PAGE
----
Are MLP’s the New Inversion? Washington Renews Focus on Corporate Structure

Joe McMonigle
Senior Energy Analyst

Master Limited Partnerships (MLPs) have returned to the Washington spotlight, thanks to the $44 Billion Kinder Morgan deal announced August 10th to consolidate Kinder MLPs into a new entity.

As we are seeing with so-called corporate inversions, the Obama Administration is in hot pursuit of lost tax revenue. MLPs were already under the Treasury microscope and a top target of comprehensive tax reform in Congress. But now, following the Kinder Morgan deal, investors are contemplating if MLPs are the new inversion.

The Treasury Department announced on August 11th that it was reviewing the tax implications of MLP transactions. In addition, the IRS commissioner told Congress in April that the agency had paused issuing MLP approvals while it studied the broader policy effects. MLPs, however, are popular in Congress as an effective financing mechanism for oil and gas infrastructure. There is even talk about extending it to renewable energy, which would broaden the appeal.

In a longer note for clients, PRG provides more detailed analysis of MLPs and the potential risks ahead, including:

  • Potential executive action from the Administration on MLPs similar to inversions:
  • The different politics of MLPs and inversions;
  • Energy implications of potential tax extenders legislation;
  • Perhaps the biggest threat to MLPs in Congress.

For the detailed client note on MLPs and/or to schedule a call with Joe McMonigle, please contact Jessica Tou at or 617-682-7347.

Also related: The Potomac Energy Conference on Sept. 22nd in NYC. More information, click here.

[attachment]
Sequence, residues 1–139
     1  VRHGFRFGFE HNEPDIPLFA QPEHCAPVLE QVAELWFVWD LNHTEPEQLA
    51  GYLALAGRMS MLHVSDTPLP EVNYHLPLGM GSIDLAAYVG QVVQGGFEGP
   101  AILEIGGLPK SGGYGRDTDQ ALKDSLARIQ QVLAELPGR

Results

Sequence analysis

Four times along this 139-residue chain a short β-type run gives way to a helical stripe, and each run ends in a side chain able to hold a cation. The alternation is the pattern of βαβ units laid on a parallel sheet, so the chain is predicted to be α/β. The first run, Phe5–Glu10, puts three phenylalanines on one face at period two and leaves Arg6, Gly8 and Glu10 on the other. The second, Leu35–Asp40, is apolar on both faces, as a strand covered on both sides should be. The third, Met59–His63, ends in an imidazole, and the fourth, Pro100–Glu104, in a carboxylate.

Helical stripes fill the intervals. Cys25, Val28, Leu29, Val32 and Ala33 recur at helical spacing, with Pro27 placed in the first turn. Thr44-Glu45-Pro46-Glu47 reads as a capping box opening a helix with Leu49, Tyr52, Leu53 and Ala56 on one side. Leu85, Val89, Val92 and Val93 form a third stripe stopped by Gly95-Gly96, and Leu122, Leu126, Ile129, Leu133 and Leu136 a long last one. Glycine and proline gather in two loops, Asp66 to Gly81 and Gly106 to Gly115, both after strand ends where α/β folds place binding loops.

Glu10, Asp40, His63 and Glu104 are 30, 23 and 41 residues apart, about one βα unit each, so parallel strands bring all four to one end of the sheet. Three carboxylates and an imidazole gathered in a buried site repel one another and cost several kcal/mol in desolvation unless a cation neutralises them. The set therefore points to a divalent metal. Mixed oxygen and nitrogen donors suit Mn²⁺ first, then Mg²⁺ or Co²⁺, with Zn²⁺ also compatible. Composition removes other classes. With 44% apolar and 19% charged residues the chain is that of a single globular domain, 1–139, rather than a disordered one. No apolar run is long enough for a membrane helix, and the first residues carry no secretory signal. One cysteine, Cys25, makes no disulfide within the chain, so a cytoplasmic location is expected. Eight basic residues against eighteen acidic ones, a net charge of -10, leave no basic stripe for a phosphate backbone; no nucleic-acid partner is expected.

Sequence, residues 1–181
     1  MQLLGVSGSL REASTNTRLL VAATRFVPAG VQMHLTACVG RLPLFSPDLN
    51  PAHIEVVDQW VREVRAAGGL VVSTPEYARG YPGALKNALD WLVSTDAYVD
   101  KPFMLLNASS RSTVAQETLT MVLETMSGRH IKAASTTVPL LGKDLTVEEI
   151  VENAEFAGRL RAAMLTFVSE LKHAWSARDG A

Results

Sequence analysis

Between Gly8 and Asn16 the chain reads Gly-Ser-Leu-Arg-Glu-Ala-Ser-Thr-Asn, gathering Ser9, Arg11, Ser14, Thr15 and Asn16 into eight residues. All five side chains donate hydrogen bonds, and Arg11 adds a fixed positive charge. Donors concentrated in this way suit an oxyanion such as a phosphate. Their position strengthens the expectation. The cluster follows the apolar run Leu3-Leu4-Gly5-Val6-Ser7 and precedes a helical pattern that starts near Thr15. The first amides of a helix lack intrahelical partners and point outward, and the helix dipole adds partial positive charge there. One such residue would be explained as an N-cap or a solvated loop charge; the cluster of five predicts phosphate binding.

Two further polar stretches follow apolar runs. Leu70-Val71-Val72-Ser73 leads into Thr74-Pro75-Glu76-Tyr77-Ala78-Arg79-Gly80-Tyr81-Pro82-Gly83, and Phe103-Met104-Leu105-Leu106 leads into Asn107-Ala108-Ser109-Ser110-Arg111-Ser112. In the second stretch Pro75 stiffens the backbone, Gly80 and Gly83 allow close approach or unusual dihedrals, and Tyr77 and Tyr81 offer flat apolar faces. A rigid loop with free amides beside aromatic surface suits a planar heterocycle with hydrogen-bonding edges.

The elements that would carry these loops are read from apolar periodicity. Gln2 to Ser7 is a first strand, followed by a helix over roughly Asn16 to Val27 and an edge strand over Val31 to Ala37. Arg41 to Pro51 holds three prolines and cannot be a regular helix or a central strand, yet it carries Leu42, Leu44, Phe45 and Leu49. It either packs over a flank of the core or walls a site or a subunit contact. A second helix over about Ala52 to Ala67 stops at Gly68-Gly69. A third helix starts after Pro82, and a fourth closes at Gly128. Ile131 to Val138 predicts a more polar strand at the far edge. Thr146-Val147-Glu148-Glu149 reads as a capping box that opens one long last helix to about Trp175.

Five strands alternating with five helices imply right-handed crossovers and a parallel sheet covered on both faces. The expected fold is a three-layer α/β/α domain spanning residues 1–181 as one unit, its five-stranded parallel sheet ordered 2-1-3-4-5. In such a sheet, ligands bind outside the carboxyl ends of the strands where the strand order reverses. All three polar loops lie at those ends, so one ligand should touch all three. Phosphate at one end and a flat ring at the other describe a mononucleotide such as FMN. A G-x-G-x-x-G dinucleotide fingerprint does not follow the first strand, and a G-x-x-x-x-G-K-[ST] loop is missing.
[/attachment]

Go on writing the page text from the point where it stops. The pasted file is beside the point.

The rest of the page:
Top 5 Energy Policy Trends

Joe McMonigle
Senior Energy Analyst

First the encouraging developments – the Department of Energy (DOE) finally gave an overdue conditional approval for the Oregon LNG project, and the Federal Energy Regulatory Commission (FERC) issued its final approval for Freeport LNG with noteworthy speed. However, two recent announcements from the DOE and EPA have ominous signs for LNG exports. In its conditional approval of Oregon LNG, DOE stated that going forward it would consider the effects of increased gas production on greenhouse emissions if FERC chose not to do so. EPA has also filed critical comments at FERC that the agency must consider greenhouse gas emissions as well. It’s starting to remind us of the Administration’s position on Keystone XL.

Senate races and ethanol politics are impacting the EPA’s upcoming final 2014 Renewable Fuel Standard (RFS) due in the late summer or early fall. The White House has given the impression that there will be “higher number,” but we view this as spin. There may be a marginal increase in this year’s ethanol number, but the final number will still be a cut from 2013 and significantly lower than the 2014 RFS goal.